Written Evidence Submitted by Dr Cristina Richie





Why the Science and Technology Committee should examine this area

Artificial intelligence (AI) has advanced health care significantly, but they also contribute to negative effects on the environment through carbon emissions in the development, deployment, dissemination, and disposal of medical devices and medical services.[i] The computational infrastructure that enables AI systems has significant additional environmental implications. For instance, forty days of training Google’s AlphaGo Zero game generated the equivalent of 1,000 hours of air travel or a carbon footprint of 23 American homes.[ii] Google’s biggest AI model “The Switch Transformer” now has more than 1.6 trillion parameters.[iii] Each training run of a giant transformer like this can generate 626,155 pounds of CO2 emissions, the equivalent of 17 American life-years (at 36,156 CO2 emissions / per year).


Why is this the right time for the Committee to examine the area

Increasingly, health care delivery is reliant on technologies which require the use of artificial intelligence to provide supportive care, such as triage algorithms, electronic patient records, and robotics.[iv]


Why this area would benefit from parliamentary scrutiny

The government oversees data regulation and also climate change policy such as the Climate Change Act and the NHS Carbon Reduction Strategy.


Why the Government needs to act in this area

The health care industry is responsible for 4-5% of total world emissions,[v] which is similar to the global food sector.[vi] By 2017, the National Health Service’s Health, and Social Care sectors had a carbon output of 27.1 million tons.[vii] Carbon dioxide emissions contribute to pollution, violent conflict over scarce resources, loss of biodiversity, and diminished quality of life for humans. Moreover, the “safe” amount of carbon dioxide—350 parts per million—has been exceeded. This adds to the disease burden of climate change health hazards.


How Government policy in this area could be developed or improved

Environmental bioethics is at the core of my current contributions to ethics and I am happy to lend my expertise to this proposed topic, which I have written about.[viii] Policy can be developed to:

-          Calculate AI carbon emissions

-          Require disclosure of AI emissions and energy source use

-          Financially support researchers to make AI more sustainable


Recent publications:


Principles of Green Bioethics: Sustainability in Health Care (East Lansing: Michigan State University Press, 2019).


Selected Peer-Reviewed Journal Articles and Reports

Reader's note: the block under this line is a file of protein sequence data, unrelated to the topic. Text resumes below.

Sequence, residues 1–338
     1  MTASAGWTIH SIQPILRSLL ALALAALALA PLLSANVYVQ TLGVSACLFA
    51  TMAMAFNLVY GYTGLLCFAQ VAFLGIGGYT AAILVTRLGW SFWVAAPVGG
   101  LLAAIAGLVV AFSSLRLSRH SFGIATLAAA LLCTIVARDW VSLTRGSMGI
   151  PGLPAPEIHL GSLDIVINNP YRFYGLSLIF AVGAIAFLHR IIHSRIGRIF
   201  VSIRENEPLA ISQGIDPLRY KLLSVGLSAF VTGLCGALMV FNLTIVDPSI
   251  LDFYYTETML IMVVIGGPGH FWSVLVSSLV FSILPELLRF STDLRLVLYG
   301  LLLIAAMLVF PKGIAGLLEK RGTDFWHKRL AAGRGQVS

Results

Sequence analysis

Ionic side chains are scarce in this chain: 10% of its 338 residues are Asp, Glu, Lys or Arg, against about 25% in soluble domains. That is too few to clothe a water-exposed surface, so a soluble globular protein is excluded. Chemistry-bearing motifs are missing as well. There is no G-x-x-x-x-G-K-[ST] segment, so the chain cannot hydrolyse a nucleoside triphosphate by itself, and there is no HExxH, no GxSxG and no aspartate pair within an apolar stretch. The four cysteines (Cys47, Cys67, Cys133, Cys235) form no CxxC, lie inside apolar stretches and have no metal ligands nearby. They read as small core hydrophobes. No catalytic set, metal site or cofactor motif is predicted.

“Carbon Emissions from Overuse of US Healthcare Delivery: Medical and Ethical Problem,” Co author: Cassandra L. Thiel. Hastings Center Report 52, no. 4 (2022): 10-16.


“Re-imagining Research Ethics to Include Environmental Sustainability: A Principled Approach, Including a Case Study of Data-Driven Health Research,” Co author: Gabrielle Samuel. Journal of Medical Ethics. (2022): doi:10.1136/jme-2022-108489.


“Environmentally Sustainable Development and Use of Artificial Intelligence in Health Care,” Bioethics 36, no. 5 (2022): 547-555.


“Environmental Sustainability and the Carbon Emissions of Pharmaceuticals,” Journal of Medical Ethics 48, no. 5 (2022): 334–337.


“Can United States Healthcare Become Environmentally Sustainable?: Towards Green Healthcare Reform,” Journal of Law, Medicine, and Ethics 48, no. 4 (2020): 643-652.


Sustainability and Bioethics: Where We Have Been, Where Are, Where We Are Going,” The New Bioethics 26, no. 2 (2020): 82-90.



(October 2022)


[i] Malmodin, Jens, and Dag Lundén. "The energy and carbon footprint of the global ICT and E&M sectors 2010–2015." Sustainability 10, no. 9 (2018): 3027.

[ii] Preetipadma, “New  Mit Neural Network  Architecture  May  Reduce  Carbon  Footprint By  AI,” Analytics  Instight , April 29, 2020, at

https://www.analyticsinsight.net/new-mit-neural-network-architecture-may-reduce-carbon-footprint-ai/ (accessed 14 April 2021).

[iii] Kyle Wiggers, “Google trained a trillion-parameter AI language model,” The Machine January 12, 2021, at


[iv] Khaliq, Abdul, Ali Waqas, Qasim Ali Nisar, Shahbaz Haider, and Zunaina Asghar. "Application of AI and robotics in hospitality sector: A resource gain and resource loss perspective." Technology in Society 68 (2022): 101807.

[v]. J. Karliner, et al., Health Care’s Climate Footprint: How the Health Sector Contributes to the Global Climate Crisis and Opportunities for Action (Healthcare Without HarmARUP; September, 2019).

[vi]. P.-P. Pichler, et al., “International Comparison of Health Care Carbon Footprints,” Environmental Research Letters 14, no. 6 (2019): 064004.

[vii] Sustainable Development Unit for NHS England and Public Health England. Reducing the use of Natural Resources in Health and Social Care: 2018 Report. Cambridge: Victoria House, 2018,

[viii] Cristina Richie, “Environmentally Sustainable Development and Use of Artificial Intelligence in Health Care,” Bioethics 36, no. 5 (2022): 547-555.